Genetics and human behaviour: the ethical context


Published 01/10/2002

Cover for web
Research is exploring how genes and the environment influence behavioural traits such as aggression, anxiety, intelligence and sexual orientation.
Fetal scan

Public Consultation

A public consultation was held between March and July 2001. During this time 110 responses were received from a wide range of interested individuals and organisations. The Working Party would like to thank everyone who contributed to the consultation. The majority of the consultation responses are available to other researchers. Interested individuals or organisations should contact us.

You can still download the consultation paper.

The consultation asked some specific questions, including:

  • What do you think are the likely advantages and disadvantages of research in behavioural genetics?
  • Should genetic tests for behavioural traits and personality characteristics be developed? Why, or why not? Does this apply to all types of behavioural trait?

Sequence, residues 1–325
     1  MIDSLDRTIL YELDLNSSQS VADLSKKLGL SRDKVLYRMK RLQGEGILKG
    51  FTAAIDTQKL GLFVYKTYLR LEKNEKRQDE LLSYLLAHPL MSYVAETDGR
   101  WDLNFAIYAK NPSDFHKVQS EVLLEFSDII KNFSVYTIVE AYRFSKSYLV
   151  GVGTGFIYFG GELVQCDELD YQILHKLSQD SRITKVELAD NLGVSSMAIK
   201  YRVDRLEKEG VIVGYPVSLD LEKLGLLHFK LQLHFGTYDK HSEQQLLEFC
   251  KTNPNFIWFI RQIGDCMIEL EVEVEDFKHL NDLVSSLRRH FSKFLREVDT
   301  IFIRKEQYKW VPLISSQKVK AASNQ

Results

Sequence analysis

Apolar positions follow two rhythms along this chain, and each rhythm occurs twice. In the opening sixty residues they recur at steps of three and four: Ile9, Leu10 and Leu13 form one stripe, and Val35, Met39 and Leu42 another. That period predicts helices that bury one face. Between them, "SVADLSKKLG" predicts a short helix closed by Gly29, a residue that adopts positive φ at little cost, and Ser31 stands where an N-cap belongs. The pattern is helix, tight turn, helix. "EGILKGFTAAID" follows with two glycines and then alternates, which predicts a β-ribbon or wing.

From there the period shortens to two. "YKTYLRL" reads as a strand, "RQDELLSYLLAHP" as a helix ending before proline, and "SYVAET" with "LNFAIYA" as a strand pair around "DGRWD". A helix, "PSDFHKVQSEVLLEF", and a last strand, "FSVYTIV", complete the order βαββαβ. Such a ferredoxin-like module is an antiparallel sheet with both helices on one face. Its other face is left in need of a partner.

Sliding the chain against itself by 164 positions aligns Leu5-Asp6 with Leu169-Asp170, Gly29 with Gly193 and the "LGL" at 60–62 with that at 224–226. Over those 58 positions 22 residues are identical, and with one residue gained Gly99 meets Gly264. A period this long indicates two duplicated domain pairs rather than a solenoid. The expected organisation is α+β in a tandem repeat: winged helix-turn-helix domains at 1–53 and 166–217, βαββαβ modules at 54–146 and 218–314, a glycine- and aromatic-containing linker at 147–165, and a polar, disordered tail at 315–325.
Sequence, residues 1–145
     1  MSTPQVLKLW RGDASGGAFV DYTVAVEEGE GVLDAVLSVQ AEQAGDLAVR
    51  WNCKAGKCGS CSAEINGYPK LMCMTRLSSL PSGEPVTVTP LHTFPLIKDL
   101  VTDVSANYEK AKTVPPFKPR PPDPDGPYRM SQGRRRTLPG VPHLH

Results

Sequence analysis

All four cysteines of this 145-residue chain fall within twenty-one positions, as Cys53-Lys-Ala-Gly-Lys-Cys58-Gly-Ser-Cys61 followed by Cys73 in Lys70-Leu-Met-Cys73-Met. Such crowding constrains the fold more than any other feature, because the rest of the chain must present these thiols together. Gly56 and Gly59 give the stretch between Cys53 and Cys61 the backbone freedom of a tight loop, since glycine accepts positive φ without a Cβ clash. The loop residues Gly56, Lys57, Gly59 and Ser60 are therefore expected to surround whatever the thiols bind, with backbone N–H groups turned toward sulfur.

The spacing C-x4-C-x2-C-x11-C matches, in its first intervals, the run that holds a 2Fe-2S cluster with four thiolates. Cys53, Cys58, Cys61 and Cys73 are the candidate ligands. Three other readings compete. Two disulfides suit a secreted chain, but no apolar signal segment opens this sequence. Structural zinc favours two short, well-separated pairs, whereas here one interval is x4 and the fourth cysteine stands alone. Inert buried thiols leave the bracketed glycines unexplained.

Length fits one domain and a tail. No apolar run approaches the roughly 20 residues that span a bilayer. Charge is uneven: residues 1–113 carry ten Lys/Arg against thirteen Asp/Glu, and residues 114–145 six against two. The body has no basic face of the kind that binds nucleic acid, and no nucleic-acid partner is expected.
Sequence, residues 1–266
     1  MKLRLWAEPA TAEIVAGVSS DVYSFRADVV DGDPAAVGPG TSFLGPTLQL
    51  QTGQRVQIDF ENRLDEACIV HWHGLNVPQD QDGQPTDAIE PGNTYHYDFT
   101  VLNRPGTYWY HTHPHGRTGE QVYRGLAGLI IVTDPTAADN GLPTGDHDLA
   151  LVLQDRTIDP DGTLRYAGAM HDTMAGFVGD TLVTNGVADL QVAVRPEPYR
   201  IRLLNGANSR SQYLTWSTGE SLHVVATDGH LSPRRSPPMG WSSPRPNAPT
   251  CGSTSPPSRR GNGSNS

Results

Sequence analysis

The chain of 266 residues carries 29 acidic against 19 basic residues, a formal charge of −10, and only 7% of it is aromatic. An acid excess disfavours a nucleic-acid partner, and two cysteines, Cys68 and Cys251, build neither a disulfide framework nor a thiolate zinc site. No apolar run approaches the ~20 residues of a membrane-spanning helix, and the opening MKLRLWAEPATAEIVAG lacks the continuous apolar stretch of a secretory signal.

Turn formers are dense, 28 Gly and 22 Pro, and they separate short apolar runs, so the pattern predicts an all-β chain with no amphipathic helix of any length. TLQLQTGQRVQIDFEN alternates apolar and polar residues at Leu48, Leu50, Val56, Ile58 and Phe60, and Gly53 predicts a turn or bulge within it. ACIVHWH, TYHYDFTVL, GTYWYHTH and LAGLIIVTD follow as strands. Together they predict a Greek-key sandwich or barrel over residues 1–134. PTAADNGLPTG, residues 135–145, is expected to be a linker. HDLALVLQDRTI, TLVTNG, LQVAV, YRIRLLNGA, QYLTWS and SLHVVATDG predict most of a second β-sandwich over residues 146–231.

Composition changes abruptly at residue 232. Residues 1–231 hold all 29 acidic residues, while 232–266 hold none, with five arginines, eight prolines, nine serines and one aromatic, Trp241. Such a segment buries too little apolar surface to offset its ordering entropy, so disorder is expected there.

• Would the pre-natal selection of behavioural and personality traits within the normal range be morally acceptable?
  • What are the implications for criminal justice, and the legal process generally, of research in behavioural genetics in the areas of aggression and antisocial behaviour?
  • How might health professionals, governments, employers, insurers, education authorities and others use genetic information concerning human behaviour?

Fact-finding Meetings

The working party held a number of fact-finding meetings with individuals and organisations as part of its research, including:

  • Professor Sir Michael Rutter, Department of Social, Genetic and Developmental Psychiatric Research, Institute of Psychiatry, London
  • Dr Jonathan Flint, Wellcome Trust Centre for Human Genetics, Oxford
  • Professor Andrew Heath, Professor of Psychology in Psychiatry and Associate Professor of Genetics, Missouri Alcohol Research Center, US
  • Dr V. Elving Anderson, Professor Emeritus, Genetics and Cell Biology, University of Minnesota, US
  • Professor Troy Duster, Director, Institute for the Study of Social Change, University of California, Berkeley, US
  • Dr Erik Parens, Director, The Hastings Center, US
  • Professor Søren Holm, Reader in Bioethics, Institute of Medicine Law and Bioethics, University of Manchester
  • Dr Audrey Chapman, Director, Dialogue on Science, Ethics, and Religion, American Association for the Advancement of Science, US
  • Professor Marcus Feldman, Professor of Population Biology, Stanford University, US